The Annie Oakley-Illinois connection—Part 1

StoryImage( ‘/Images/Story//Auto-img-116181260620445.jpg’, ‘Photo courtesy of‘, ‘Annie Oakley’);

Phoebe Ann Moses was born Aug. 13, 1860. She was the fifth of seven children of Jacob and Susan Moses. In 1866, her father died tragically, and the family lost their farm. Annie was first placed in an orphanage for two years, then sent to work for another family as a live-in farm helper. She hated it. She was abused and miserable and, after several years, managed to run away.

By an almost miraculous stroke of luck, Annie was able to find her mother again. She had remarried, been widowed again, and was living with her third husband. Back in her mother’s home, 12-year-old Annie found her father’s muzzle-loading percussion smoothbore, and learned how to load and shoot it. The youngster began hunting to provide meat for the struggling family. She was so good at it that she was able to supplement the family’s income by selling some of the wild game she had shot. Her ducks, geese and rabbits were purchased for the tables of the finest hotels in Dayton and Cincinnati. By age 14, she was able to pay off the mortgage on her step-father’s farm with her market-hunting money.

In 1875, a well-known exhibition shooter, Irish-born Frank Butler, came to Cincinnati. He bet $100 he could out-shoot any of the local crack shots. A hotel owner who was one of Annie’s customers took that bet and summoned Annie. Butler was amazed when a slim 15-year old girl stepped up to the firing line and beat him resoundingly. He was so impressed that he began courting his opponent, and in June 1876, Phoebe Ann Moses became Mrs. Frank Butler.

Annie had become a most attractive woman. She stood 5 feet tall and weighed 100 pounds. Blessed with a great figure, chestnut hair and blue eyes, she wore knee-length skirts and leather leggings well before such attire was considered common or acceptable. The Butlers began touring the United States as “Frank and Annie.” She started using the last name “Oakley” professionally. Legend says she took it from the name of a Cincinnati suburb. Frank improved her stage performance by teaching her some trick shots. She would run into the arena on foot, grab up a rifle and begin shattering glass balls, which he tossed into the air. Then, she would leap onto the back of a horse and ride around the ring hitting targets that had been mounted on stands. She would shoot out the flames of lighted candles set on a revolving wheel. Her most famous trick was to place a rifle on her shoulder and use a shiny knife blade as a mirror to hit a target behind her.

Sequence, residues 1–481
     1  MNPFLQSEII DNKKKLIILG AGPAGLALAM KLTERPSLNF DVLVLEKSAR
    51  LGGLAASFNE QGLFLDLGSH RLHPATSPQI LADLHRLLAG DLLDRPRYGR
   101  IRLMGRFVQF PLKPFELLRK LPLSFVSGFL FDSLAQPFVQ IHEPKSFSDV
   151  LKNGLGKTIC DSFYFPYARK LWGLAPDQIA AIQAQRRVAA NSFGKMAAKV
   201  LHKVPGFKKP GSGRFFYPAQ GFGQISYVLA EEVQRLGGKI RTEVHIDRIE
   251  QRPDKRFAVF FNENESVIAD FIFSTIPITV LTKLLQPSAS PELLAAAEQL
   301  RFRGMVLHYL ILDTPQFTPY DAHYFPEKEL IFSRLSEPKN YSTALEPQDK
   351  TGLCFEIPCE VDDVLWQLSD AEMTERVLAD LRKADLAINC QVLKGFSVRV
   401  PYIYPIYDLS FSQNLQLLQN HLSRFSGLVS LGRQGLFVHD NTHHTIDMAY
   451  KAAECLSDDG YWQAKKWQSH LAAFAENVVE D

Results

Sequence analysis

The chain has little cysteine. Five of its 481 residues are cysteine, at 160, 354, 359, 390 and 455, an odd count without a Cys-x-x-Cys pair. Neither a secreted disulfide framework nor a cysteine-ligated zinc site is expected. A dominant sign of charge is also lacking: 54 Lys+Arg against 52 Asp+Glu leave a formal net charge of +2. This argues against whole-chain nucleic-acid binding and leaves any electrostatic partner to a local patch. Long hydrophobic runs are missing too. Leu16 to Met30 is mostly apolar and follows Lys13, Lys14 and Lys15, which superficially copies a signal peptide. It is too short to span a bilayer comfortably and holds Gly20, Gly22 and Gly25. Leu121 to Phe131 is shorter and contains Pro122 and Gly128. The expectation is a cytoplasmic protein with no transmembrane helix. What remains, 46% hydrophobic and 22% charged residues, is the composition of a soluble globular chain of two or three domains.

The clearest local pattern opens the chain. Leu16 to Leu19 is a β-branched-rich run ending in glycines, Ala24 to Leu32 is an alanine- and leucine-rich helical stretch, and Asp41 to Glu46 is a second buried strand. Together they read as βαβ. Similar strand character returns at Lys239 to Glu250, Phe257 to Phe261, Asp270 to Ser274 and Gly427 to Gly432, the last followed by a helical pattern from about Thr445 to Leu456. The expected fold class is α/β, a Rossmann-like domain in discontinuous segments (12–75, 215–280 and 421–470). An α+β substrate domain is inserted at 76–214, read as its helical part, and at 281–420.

Frank would throw playing cards into the air, and Annie would shoot holes into the spots on the faces of the cards. She would collect and autograph the cards and give them to people in the audience as free passes to her next show. In show business jargon forever after, free tickets became known as “Annie Oakleys.”

In 1885, they joined Buffalo Bill Cody’s famous “Wild West and Congress of Rough Riders” and traveled with that show for 17 years. Annie quickly became the star of the whole show, earning $1,000 a week, an enormous sum for those days. The show traveled the world, giving stunning performances before huge crowds wherever it went. Once, she shot the ashes off the end of a cigarette Kaiser Wilhelm of Germany held in his mouth. Later, during World War I, Annie would joke that if her aim had been a little bit poorer that day, she could have prevented the whole war. (To be continued … part 2 of the story tells where and when she performed in Illinois.)

This article was provided by the Illinois State Rifle Association. For more information about the association, call 635-3198 or visit

From the Oct. 25-31, 2006, issue

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